French Near Past – Venir De + Infinitif

Venir De - Near Past In French

How do you say “I just did” – What’s ‘venir de + infinitif’ ? – just have, just had — The near past or recent past

The expression ‘VENIR DE + infinitive verb’ expresses the notion of just did something, had just done something. It’s used when two actions happened in sequence, one very close to the other. It’s called the passé proche – near past, or recent past in English.

  • ‘VENIR DE’ may be in the present tense. It expresses the idea of ‘just did something’ or ‘just have done something’.
    • Je viens de manger => I just ate or I have just eaten

Practice

To practice your knowledge of the near past, translate the following sentences into English.

  1. Je viens de réparer le carburateur.
  2. Tu viens de découvrir la ville.
  3. Elle vient d’avoir son diplôme.

More challenging practice

To practice your knowledge of the near past, translate the following sentences into French.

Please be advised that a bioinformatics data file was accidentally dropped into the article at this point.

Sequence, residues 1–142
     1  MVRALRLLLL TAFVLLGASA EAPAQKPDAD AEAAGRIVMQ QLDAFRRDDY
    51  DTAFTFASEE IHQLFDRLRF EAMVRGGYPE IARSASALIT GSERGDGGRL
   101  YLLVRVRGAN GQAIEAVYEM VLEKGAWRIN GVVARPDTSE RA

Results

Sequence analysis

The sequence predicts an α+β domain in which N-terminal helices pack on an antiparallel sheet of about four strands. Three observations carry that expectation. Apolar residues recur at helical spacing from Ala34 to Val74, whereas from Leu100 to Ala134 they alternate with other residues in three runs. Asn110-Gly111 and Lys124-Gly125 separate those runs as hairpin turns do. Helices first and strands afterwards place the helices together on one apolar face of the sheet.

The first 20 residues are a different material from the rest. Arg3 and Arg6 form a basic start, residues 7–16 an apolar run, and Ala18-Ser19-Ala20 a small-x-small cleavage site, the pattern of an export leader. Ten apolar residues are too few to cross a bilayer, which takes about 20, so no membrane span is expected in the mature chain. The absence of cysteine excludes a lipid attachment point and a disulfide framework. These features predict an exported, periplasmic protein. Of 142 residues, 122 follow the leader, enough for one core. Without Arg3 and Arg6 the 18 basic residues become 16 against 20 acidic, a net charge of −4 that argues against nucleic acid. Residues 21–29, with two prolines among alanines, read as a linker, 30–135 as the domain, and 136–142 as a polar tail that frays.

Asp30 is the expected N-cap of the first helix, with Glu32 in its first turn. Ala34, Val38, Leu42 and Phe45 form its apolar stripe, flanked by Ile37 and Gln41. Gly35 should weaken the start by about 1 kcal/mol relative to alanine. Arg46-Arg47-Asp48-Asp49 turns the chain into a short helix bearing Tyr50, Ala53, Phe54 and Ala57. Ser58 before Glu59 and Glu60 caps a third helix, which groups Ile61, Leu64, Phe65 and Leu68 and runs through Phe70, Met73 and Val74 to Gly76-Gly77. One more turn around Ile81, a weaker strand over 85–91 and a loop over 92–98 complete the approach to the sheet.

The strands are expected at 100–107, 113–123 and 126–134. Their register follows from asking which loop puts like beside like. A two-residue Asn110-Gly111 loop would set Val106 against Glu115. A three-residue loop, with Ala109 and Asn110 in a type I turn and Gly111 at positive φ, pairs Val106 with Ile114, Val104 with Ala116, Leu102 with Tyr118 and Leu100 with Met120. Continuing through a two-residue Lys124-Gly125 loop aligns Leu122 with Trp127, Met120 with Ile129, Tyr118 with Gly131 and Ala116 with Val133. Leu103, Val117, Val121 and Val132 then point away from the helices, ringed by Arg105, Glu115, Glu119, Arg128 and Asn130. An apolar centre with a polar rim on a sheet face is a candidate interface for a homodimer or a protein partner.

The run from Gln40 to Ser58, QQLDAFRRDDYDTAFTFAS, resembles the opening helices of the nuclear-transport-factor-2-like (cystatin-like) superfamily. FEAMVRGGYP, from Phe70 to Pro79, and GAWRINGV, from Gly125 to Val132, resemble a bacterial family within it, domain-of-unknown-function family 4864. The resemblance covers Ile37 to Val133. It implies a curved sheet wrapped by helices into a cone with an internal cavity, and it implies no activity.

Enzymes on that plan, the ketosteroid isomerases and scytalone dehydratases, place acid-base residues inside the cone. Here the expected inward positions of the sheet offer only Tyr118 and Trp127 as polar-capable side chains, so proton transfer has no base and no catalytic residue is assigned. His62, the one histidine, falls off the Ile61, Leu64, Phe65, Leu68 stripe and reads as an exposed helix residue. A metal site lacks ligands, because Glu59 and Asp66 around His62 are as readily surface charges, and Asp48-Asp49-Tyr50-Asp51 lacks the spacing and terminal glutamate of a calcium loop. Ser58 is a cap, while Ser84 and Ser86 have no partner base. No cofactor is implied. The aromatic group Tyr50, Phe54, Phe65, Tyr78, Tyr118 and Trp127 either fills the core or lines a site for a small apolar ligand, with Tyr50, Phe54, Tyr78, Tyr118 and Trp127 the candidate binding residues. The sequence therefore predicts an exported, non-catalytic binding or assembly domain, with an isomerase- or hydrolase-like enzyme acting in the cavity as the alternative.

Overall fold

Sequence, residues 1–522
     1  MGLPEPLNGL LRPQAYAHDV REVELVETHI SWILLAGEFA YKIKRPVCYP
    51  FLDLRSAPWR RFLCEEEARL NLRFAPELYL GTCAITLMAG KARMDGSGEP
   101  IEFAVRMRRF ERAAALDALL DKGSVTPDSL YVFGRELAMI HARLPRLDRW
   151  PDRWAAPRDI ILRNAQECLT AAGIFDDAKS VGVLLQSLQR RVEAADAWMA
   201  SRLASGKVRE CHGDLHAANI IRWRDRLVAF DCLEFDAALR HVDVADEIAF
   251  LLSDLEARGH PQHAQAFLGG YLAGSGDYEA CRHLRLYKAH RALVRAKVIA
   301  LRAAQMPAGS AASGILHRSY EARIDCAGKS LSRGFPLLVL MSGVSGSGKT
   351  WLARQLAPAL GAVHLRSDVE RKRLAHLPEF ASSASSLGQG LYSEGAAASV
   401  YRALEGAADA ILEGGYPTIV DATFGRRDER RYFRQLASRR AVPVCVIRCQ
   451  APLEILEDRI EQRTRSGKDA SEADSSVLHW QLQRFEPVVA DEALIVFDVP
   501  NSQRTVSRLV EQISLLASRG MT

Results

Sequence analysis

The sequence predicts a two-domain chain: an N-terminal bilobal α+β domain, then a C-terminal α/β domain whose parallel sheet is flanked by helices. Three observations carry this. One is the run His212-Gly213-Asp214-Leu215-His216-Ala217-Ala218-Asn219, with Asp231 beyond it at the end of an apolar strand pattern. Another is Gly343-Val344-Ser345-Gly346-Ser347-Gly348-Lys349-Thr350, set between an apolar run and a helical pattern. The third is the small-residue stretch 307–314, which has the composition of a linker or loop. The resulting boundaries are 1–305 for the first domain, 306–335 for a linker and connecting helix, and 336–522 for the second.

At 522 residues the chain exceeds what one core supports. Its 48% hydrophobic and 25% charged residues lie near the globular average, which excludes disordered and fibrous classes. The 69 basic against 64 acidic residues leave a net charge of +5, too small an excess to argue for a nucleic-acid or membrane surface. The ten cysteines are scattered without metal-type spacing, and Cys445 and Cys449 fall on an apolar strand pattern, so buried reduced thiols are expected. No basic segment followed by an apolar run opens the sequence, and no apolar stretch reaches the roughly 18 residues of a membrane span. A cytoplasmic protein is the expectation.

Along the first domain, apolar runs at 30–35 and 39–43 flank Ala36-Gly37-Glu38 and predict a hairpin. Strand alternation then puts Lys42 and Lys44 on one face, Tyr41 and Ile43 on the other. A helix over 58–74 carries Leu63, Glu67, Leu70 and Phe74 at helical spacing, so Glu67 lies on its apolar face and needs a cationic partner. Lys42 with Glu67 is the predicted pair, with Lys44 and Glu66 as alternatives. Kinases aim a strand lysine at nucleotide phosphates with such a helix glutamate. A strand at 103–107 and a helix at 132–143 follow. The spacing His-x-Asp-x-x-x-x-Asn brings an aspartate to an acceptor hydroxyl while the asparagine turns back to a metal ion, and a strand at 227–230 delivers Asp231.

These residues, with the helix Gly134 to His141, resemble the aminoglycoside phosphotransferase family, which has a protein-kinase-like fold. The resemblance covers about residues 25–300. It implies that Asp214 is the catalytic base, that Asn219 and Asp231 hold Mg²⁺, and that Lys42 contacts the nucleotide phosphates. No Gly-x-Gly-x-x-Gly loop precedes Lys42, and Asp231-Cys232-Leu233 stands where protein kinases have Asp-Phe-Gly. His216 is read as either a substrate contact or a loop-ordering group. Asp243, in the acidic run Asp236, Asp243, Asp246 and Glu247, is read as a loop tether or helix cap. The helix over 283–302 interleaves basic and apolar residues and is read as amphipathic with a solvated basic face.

1. I just repaired the carburetor.
  2. You just discovered the town.
  3. She just got her degree.

This Post Has 2 Comments

  1. What about reflexive verbes when using the near past firm?
    I just showered. Is it: je viens de me doucher? Or is it just je viens de doucher?

    Thanks!

    1. The correct answer is ” Je viens de me doucher.” Yay, you were right, Rob!
      Here are 2 other examples:
      ….Tu venais de te lever.
      ….Il vient de se rappeler. 
      La bonne réponse est « Je viens de me doucher. » Super, vous aviez raison, Rob !
      Voici 2 autres exemples :
      ….Tu venais de te lever.
      ….Il vient de se rappeler.

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